RIO DE JANEIRO, April 6 (Reuters) - Alumina do Norte do Brasil, or Alunorte, on Thursday sued prosecutors in the Brazilian state of Para, pushing for a new water quality study to assess a spill by the company there.
Alunorte, a unit of Norway's Norsk Hydro, operates the world's biggest alumina refinery in Barcarena in the state. Local residents and Brazilian authorities accused the company of causing a toxic leak in February that polluted the water supply.
The company has admitted to dumping untreated rainwater from the refinery but has pushed back against accusations of serious contamination.
The authorities asked the government-backed Evandro Chagas Institute, a public health research organization, to conduct a study of the water supply in response to the complaints. The study determined that Alunorte had contaminated the nearby waters with heavy metals.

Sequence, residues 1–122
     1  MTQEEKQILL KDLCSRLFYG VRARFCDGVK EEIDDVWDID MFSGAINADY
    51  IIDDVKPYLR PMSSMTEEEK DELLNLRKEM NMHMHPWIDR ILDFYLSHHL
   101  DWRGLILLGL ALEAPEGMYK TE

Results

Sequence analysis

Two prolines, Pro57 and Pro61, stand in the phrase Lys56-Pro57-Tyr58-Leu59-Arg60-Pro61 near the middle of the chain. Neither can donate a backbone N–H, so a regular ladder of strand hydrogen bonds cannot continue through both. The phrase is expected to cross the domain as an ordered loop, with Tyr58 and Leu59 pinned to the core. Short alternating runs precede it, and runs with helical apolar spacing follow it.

Alunorte, which has questioned the validity of the institute's scientific work, sued state prosecutors on Thursday in the hopes that the court would require them to hire another consultancy to conduct a fresh study.
A new study should "develop a sampling plan according to established legal standards and the necessary scientific rigor," Hydro Legal Director Hans Martin Heikvam told Reuters on Thursday.
The spat over the study caused talks between prosecutors and the company to break down earlier this week, Heikvam said.
"We are now asking the court to continue discussions with the prosecution on a correct factual basis," Heikvam said.
The Para state prosecutors office said they had not been informed of any legal action by Alunorte, but said that negotiations had indeed broken down in part due to the study.
The company's criticism of the study "does not demonstrate that the data is wrong and disregards the fact that the company itself has admitted to routinely dumping effluents without any treatment," said the prosecutors office.
Alumina is a compound extracted from bauxite ore that is then smelted to form aluminium. (Reporting by Marta Nogueira; Writing by Alexandra Alper; Editing by Christian Schmollinger)